The fact that South Africa’s crime rate is one of the worst in the world is a well-known fact. Not only do we lose hundreds of millions of Rand in possessions every year due to theft, we also have one of the highest rates of gun-related crime (such as armed robberies) in the world. This has made us a nation that prioritises security – in and around our homes, cars and places of work.

By Simon Campbell-Young, CEO in Intact Software Distribution

This situation has created a massive and growing security industry in the country.

As of 2017, South Africa had 490 000 active armed response officer, outnumbering the police force and SANDF combined. It should come as no surprise that it is also a very lucrative industry. Worldwide, the sector is worth $6-billion, with 15% year-on-year growth. South Africa makes up a large piece of this pie, being the fourth-largest private security industry in the world.

And technology is only increasing the opportunities in the industry.

We are seeing more sophisticated home security technology change how people approach securing their homes, with new products putting more control in the hands of the home and business owner.

Gone are the days when you would get a call from your neighbour that your alarm is going off; today, technology such as IoT makes it easier to monitor incidents and react to them.

In fact, security is being “Uberised”. In a world where there’s an app for everything, it’s surprising that it has taken security companies this long to create apps that allow users to control and monitor their security systems from their phones.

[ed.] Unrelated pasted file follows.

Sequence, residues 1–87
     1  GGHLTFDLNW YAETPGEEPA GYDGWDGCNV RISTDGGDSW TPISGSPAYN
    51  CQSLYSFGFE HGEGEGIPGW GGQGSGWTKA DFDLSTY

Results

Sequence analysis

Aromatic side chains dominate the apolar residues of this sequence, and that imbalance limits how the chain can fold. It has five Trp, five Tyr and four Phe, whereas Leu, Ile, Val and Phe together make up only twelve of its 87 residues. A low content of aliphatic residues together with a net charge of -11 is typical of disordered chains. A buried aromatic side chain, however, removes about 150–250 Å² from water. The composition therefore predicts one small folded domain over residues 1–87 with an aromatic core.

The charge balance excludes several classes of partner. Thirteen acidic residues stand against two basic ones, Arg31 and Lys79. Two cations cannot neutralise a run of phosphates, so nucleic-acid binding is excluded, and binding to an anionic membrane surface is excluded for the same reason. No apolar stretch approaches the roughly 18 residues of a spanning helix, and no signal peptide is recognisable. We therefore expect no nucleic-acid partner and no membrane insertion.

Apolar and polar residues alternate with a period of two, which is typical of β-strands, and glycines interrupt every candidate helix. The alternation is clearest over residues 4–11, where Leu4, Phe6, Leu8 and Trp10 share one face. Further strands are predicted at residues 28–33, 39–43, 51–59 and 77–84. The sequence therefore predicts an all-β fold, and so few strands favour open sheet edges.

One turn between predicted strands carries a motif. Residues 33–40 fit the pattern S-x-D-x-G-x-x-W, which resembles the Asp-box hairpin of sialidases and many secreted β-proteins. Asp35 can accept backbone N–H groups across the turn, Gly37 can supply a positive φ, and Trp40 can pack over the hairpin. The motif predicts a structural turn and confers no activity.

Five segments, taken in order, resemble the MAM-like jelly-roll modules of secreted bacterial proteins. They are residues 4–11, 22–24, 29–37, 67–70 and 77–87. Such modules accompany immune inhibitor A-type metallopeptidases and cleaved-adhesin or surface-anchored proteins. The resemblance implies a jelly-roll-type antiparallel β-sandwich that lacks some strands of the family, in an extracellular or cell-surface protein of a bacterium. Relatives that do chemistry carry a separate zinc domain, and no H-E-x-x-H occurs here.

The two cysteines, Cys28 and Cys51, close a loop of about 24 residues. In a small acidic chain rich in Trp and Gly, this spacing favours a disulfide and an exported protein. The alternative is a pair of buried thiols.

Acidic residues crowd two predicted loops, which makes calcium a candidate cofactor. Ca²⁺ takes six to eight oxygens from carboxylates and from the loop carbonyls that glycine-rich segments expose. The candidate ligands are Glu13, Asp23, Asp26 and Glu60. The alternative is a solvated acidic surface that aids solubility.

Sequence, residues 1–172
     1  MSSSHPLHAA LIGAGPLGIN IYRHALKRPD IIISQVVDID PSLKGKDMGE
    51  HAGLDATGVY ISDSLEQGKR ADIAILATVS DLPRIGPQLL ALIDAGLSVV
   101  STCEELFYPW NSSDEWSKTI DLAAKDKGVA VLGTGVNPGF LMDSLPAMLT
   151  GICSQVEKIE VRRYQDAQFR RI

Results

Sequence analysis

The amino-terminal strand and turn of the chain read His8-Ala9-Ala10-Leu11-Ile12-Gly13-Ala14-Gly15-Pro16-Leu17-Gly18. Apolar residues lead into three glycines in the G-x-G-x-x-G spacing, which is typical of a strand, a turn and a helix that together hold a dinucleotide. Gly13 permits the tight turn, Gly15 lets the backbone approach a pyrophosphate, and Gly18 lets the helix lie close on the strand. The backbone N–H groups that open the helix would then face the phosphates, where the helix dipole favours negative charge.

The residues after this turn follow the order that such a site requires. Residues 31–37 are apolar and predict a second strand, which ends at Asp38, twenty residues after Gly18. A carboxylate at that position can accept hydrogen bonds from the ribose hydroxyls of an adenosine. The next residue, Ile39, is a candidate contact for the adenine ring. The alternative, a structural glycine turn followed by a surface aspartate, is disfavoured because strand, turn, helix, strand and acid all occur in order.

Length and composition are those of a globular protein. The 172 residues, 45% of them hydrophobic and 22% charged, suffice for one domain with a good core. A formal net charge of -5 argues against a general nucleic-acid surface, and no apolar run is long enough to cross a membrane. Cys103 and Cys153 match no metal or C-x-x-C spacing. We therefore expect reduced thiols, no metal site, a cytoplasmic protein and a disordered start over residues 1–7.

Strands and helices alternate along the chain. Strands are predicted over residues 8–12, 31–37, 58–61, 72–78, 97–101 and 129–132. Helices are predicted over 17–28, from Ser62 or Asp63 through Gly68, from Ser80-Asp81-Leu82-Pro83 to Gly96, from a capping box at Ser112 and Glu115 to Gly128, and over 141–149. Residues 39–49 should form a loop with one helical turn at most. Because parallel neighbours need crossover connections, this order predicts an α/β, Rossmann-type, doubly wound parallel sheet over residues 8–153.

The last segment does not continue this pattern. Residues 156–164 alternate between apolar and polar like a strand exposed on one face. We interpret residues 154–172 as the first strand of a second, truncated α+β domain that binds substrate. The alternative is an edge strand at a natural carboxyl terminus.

Security-as-a-service is a growth market, and it will drive down the costs of armed response services, as the entire model becomes more “Uberised”.

Only around 5% of homes owned in South Africa currently have armed response services, primarily due to the expense. Having access to an app that connects the user to a network of security providers will not only make this more affordable, but ensure more effective security.

Clever players are now buying-up the latent capacity available from the armed response companies, and making that capacity available via an app at R199 per month as opposed to R399 upward for the armed response service.

This disruption is as a result of new technology security companies entering the market. Ring, for example, changed the face of home security in the US, and has already disrupted the local market within a month of launching in South Africa. Smart, affordable, and easy-to-use connected security products are the future of the industry, and look likely to add even further to its growth prospects.

This not only bodes well for the security channel, but for the ICT channel too. Thanks to innovations such as cameras that can stream live video as an incident is taking place, the entire security ecosystem becomes a new market for providers of connectivity, software, and of course, hardware.